Hence, we can’t rely on formulas of supply and demand in this international emergency when lives are at risk.
While supply for Covid tests, masks, medical equipment, and sanitizer runs dangerously thin, demand for these precious items soars.
But there’s another demand that skyrockets with it – one which, if we play our cards right, will never run out.
It is the demand of human compassion.
Pour this into the otherwise cold cauldron of supply and demand, and from the ashes of a self-serving market emerges a fire of universal benevolence whose flames of selflessness will never extinguish.
It’s ironic that in a world where many claim to have evolved beyond the need for religion, the teachings of Prophets from thousands of years ago become even more relevant today than ever before.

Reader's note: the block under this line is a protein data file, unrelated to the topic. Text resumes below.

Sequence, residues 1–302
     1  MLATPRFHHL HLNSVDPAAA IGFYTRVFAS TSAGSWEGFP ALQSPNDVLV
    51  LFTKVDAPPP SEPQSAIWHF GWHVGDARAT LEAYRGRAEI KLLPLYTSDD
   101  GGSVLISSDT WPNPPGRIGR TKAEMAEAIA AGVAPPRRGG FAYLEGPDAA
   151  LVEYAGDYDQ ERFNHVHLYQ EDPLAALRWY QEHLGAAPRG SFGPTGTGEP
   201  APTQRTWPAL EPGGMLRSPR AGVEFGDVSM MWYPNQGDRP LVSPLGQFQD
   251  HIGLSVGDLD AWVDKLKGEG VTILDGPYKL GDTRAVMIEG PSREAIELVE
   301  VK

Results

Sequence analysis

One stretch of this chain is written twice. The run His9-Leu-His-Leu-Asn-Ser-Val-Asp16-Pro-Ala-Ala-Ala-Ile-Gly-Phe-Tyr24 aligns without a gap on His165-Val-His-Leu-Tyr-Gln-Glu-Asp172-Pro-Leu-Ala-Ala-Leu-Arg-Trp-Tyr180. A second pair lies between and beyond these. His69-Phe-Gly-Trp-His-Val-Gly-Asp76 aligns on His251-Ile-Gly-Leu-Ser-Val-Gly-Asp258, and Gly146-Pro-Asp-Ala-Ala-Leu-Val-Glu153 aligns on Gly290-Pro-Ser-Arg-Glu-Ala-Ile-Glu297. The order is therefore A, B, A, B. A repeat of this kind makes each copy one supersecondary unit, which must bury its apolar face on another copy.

In any case, compassion is the organic ingredient that emergencies like this demand. Society relies upon people uniting and prioritizing human life over personal profit, even at the risk of nominal and temporary financial loss.
Don’t worry, you won’t lose your business if you keep your prices fair. In fact, experts state that you will probably gain business, because you strengthen ties with existing customers and market yourself as compassionate to new customers (Why Businesses Should Lower Prices During Natural Disasters, Harvard Business Review).
Inevitably, I would rather buy from a company that helped me in my time of misfortune rather than capitalize off of it. And I would rather have stores limit the quantity of stock I can buy instead of price gouging me. This will keep essential items in stock and deter me from hoarding.
So, like His Holiness, the Caliph (aba) said, price gouging doesn’t pay. Compassion does.
About the Author: Frasat Ahmad serves as an Imam at the US National Headquarters of the Ahmadiyya Muslim Community.